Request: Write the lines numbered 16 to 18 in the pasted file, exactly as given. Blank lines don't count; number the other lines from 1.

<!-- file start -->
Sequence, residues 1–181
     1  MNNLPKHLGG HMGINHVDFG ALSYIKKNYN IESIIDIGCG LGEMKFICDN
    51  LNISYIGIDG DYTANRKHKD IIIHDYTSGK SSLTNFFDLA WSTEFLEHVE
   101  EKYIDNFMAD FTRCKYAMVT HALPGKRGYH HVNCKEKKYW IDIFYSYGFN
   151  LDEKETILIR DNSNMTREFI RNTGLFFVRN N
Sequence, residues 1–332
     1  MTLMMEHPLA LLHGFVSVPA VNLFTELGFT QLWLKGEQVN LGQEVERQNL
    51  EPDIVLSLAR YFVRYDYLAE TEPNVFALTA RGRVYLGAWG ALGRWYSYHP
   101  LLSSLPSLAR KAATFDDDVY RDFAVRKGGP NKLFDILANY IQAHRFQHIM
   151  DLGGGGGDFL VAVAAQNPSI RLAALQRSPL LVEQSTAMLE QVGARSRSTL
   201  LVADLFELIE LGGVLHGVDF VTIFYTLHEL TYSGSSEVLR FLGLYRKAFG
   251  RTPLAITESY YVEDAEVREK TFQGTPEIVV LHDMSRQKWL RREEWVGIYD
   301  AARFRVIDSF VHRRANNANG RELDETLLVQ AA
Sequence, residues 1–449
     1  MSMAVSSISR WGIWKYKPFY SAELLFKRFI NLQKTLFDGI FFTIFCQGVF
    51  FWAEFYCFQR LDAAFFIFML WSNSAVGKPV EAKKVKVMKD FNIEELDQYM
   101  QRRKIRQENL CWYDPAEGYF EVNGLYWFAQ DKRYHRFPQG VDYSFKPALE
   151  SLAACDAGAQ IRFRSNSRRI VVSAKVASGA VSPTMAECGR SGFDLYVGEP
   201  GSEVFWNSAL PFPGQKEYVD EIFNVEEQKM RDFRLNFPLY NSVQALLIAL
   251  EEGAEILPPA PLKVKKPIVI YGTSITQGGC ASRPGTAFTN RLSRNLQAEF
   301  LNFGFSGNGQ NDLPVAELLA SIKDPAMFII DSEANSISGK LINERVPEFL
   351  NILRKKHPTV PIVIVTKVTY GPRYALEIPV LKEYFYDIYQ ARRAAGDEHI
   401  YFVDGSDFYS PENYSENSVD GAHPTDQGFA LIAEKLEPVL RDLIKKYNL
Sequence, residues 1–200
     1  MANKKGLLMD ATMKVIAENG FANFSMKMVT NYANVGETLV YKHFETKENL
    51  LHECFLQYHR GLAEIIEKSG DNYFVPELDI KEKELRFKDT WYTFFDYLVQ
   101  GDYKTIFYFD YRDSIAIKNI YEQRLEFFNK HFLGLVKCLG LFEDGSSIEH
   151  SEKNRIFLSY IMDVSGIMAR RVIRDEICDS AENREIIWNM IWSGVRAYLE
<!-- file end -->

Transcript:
    51  FWAEFYCFQR LDAAFFIFML WSNSAVGKPV EAKKVKVMKD FNIEELDQYM
   101  QRRKIRQENL CWYDPAEGYF EVNGLYWFAQ DKRYHRFPQG VDYSFKPALE
   151  SLAACDAGAQ IRFRSNSRRI VVSAKVASGA VSPTMAECGR SGFDLYVGEP